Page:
Introduction and challenges

For a long time, administrative process efficiency has not been considered a driver of organisational performance with efforts being focussed on seeking productivity gains in manufacturing plants.

However, sales, general and administrative Functions (SG&A) represent a significant portion of operating expenses. Their highly variable cost highlights the opportunity to manage these costs.

The transformation of support functions is increasingly industrialised, with the creation of shared services centres and the implementation of more standardised processes. These changes make Lean Management techniques extremely relevant to support functions, as they bring their operations closer to those of manufacturing plants.

The methodologies used are the same as those in an industrial Lean Management approach (time in motion, value stream mapping, kaizen events, gemba, spaghetti bowl analysis, etc.) but require a strong understanding of the functional domain to ensure recommendations are relevant.

As in any Lean Management approach, the added value for the customer is central to considerations. Often, the customer of administrative processes is operations, who communicate specific expectations to each support function. An example of this would be ensuring the arrival of materials and components on production lines for procurement teams or preparing accounting information quickly and at the lowest cost for accounting teams.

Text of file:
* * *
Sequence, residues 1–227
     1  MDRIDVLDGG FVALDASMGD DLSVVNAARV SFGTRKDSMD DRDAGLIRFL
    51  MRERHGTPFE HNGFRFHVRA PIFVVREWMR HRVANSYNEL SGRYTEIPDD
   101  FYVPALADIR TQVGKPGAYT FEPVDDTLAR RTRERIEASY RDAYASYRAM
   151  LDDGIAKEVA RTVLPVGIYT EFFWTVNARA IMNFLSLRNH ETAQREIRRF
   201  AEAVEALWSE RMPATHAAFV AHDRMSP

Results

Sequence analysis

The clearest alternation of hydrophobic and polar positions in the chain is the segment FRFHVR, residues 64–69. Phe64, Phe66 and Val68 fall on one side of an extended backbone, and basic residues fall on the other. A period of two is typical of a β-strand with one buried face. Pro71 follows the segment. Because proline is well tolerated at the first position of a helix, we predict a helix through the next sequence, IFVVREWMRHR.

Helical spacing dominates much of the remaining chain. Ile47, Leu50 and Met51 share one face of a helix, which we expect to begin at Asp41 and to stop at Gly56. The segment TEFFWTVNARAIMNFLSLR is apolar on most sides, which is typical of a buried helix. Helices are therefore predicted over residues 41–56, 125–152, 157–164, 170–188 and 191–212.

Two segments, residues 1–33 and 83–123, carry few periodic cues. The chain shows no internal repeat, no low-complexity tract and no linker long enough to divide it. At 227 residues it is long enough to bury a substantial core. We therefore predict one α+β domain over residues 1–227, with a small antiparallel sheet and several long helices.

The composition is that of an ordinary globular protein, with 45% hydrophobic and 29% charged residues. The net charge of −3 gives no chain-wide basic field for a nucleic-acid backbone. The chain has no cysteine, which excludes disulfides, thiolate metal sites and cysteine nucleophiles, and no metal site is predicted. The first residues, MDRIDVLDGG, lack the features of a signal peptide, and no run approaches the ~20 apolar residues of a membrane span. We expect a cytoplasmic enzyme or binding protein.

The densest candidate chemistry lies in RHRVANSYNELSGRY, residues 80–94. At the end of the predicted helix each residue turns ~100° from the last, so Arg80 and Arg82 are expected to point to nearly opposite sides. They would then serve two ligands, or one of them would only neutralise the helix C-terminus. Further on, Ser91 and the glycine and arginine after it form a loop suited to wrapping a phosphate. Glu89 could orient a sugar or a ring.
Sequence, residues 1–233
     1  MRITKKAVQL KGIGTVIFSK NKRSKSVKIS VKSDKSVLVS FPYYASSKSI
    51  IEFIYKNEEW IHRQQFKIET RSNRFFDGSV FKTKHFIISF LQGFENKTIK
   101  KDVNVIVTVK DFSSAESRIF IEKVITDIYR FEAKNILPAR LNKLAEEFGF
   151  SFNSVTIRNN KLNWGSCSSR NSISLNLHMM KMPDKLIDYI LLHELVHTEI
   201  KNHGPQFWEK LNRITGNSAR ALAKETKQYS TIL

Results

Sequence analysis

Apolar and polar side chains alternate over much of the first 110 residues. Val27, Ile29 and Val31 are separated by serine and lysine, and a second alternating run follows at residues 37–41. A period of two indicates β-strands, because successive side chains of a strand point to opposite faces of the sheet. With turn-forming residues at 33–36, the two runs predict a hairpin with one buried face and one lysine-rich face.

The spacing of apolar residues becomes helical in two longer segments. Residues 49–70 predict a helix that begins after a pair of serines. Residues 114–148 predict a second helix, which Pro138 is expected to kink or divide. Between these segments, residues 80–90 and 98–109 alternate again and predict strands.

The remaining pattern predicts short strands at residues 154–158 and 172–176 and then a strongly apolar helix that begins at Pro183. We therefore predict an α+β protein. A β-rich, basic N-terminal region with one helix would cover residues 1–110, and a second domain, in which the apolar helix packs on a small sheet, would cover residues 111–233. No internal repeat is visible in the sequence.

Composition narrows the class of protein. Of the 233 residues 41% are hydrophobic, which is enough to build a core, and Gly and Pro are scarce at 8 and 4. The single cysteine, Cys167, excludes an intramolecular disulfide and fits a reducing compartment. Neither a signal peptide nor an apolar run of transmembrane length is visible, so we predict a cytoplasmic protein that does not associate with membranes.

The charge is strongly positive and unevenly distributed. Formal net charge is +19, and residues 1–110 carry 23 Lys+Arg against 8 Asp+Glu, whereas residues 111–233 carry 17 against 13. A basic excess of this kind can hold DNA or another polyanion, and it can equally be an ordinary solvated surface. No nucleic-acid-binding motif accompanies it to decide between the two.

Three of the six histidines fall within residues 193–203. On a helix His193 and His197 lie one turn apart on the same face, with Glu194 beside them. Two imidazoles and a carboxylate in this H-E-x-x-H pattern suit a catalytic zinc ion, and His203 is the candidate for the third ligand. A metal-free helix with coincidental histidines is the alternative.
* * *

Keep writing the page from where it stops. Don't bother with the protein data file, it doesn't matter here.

How we can help

For each process, Argon & Co mobilises functional and sector experts who are also experienced in Lean Management techniques. We favour a pragmatic approach, aimed at generating quick benefits but also empowering stakeholders and embedding new behaviours to sustain results.

The experience of Argon & Co’s teams, their business expertise and their ability to work as closely as possible with both operational and functional teams enables us to support our clients in the implementation of lean office:

  • Quantification and detailed analysis of all tasks and expenses of the departments concerned
  • Assessment of the need and value to the internal (and external) client of the different tasks and activities
  • Sizing of risk linked to the removal of certain no-value tasks
  • Defining objectives for the various cost reduction managers to challenge and enable behavioural disruptions
  • Supporting the enterprise in implementing defined actions, managing the organisational change and monitoring the benefits